- Criticality: Assessing the harm that the business could suffer as a result of a problem.
- Threat levels: Quantification of actual occurrences of problems in the past.
- Business impact: Did previous problems cause real financial loss, or just minor irritation?
- Control weaknesses: Assessing the quality of procedures and processes.
- "Special circumstances": stuff that doesn't fit the other categories, such as immature technologies and accessibility by outside parties.
It's worth mentioning that instead of using the whole scorecard, there's a "mini-scorecard" that incorporates just the criticality-related section of the evaluation, and not the other four subject areas. It seems Citicus's customers value this area most highly, and have asked to be able to set this area aside for special treatment.
Although the scorecard completion and collation process relies on tickboxes and relatively simplistic "allocate a score from A to E" concepts, each question allows the respondent to add a free text comment as well.
Our immediate reaction to this idea of scorecards was: "What if the information owner tells fibs to protect himself?". There are three safeguards that help prevent this. First, the scorecard completion screens use cross-checks that will catch out the blatant fibbers (so if you've said in one section that you've never had an independent review of a system, it'll complain if you later tick an "item was subject to independent scrutiny" box later on). Second, there are a number of different status types for each scorecard, and so the person co-ordinating the exercise can dictate that each card needs to be "signed off" by a second individual before it becomes valid. Finally, and perhaps most importantly, because many organisations' information systems are such that it's not realistic to expect an individual to complete a scorecard for a particular system on his or her own, Citicus provides a standard agenda for group workshops.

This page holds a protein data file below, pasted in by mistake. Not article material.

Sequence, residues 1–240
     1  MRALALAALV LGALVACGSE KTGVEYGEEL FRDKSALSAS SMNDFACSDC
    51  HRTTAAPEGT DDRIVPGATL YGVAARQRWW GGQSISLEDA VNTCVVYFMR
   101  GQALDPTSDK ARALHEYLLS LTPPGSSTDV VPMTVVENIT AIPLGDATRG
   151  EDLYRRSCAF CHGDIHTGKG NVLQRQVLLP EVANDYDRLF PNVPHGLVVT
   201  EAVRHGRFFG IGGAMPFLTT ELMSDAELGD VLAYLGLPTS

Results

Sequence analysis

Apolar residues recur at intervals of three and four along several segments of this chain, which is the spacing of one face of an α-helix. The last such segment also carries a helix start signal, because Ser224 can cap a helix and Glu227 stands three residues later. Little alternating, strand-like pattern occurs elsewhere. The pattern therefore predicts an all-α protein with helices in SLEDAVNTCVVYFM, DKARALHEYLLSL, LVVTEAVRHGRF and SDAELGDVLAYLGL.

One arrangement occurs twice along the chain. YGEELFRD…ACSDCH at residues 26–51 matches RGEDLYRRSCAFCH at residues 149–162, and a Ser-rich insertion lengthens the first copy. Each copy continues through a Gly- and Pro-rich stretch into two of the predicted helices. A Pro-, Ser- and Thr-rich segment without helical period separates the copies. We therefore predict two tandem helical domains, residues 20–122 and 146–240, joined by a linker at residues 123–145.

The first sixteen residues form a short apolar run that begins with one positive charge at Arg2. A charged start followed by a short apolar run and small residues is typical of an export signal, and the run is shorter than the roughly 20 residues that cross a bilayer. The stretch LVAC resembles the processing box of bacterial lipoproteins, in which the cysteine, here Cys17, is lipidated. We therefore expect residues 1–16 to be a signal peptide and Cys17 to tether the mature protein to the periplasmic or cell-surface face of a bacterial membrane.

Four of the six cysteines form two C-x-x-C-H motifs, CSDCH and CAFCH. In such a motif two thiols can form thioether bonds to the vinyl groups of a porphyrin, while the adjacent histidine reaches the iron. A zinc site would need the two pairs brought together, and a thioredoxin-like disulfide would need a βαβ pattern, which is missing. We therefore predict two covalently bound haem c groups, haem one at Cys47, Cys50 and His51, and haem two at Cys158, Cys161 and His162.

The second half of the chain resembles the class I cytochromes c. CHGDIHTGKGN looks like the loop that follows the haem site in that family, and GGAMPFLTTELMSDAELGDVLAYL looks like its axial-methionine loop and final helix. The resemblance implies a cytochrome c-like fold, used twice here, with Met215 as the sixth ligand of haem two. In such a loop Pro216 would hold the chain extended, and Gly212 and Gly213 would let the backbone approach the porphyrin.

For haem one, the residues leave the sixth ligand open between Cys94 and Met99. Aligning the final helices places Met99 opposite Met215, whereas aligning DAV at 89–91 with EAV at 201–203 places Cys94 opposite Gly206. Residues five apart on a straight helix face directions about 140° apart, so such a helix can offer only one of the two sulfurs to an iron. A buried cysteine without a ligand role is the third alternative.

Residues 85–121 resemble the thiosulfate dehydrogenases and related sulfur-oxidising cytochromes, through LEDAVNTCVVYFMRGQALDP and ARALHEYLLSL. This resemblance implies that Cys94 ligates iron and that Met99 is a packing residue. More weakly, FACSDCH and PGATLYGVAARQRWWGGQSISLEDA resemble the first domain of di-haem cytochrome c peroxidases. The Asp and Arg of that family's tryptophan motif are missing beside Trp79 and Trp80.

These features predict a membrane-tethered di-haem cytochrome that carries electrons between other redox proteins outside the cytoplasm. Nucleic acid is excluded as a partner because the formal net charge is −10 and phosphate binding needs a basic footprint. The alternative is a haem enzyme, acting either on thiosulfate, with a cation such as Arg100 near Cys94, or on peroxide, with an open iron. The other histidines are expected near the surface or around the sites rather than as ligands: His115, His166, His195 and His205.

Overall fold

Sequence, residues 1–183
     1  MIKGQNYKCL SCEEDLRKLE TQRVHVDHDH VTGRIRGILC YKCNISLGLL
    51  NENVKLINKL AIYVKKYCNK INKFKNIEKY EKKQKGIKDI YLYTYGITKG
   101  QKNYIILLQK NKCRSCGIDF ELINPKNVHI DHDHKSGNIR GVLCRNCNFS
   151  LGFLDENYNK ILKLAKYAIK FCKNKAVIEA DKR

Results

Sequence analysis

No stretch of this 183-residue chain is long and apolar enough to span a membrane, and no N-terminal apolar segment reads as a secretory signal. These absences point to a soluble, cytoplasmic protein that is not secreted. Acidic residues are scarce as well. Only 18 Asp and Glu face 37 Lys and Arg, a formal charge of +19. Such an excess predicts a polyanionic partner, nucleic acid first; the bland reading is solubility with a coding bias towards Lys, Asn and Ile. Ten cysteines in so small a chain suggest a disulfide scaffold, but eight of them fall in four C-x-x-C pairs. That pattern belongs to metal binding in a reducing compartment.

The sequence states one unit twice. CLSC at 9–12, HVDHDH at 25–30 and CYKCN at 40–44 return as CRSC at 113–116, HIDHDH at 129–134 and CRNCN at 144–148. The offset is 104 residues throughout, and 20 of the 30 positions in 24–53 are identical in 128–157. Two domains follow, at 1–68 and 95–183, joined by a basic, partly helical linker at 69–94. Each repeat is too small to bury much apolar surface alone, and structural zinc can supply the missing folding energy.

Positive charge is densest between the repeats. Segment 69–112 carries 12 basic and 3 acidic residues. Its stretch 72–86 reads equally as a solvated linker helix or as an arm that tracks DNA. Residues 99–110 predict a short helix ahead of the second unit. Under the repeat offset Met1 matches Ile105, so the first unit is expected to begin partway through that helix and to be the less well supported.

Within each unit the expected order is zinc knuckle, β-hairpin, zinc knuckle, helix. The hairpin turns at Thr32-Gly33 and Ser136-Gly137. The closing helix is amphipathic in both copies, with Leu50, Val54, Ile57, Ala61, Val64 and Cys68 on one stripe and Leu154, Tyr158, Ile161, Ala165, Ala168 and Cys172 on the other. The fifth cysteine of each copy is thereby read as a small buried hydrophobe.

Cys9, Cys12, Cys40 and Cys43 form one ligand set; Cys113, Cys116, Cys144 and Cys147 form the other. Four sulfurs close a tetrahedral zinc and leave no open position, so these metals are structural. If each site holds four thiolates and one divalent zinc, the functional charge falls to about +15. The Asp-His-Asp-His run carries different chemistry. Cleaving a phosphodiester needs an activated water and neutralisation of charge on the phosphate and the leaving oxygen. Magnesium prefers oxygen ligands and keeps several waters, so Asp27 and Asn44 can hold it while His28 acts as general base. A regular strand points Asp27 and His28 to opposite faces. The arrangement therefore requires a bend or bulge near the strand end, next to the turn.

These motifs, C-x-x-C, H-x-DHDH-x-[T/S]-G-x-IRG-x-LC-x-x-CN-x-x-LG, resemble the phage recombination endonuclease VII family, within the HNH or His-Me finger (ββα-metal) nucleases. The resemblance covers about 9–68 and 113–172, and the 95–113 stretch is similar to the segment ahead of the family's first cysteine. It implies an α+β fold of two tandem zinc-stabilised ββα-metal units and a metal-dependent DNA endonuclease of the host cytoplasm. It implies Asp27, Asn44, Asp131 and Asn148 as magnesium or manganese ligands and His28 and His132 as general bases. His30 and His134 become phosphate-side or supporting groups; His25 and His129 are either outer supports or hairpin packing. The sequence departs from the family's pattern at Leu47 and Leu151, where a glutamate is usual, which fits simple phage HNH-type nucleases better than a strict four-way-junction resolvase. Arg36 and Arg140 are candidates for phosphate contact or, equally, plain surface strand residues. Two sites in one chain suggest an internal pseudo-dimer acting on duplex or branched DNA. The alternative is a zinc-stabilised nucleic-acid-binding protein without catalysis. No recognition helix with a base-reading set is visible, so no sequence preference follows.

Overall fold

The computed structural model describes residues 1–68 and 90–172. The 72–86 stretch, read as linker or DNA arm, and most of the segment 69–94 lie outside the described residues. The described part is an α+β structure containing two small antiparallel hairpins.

When the Citicus ONE system is initially implemented, it's recommended that a "dry run" is done before the first real iteration of the system. Most organisations have some fairly fundamental issues that will skew the results completely, and the dry run allows you to spot these and sort them out before the first proper iteration.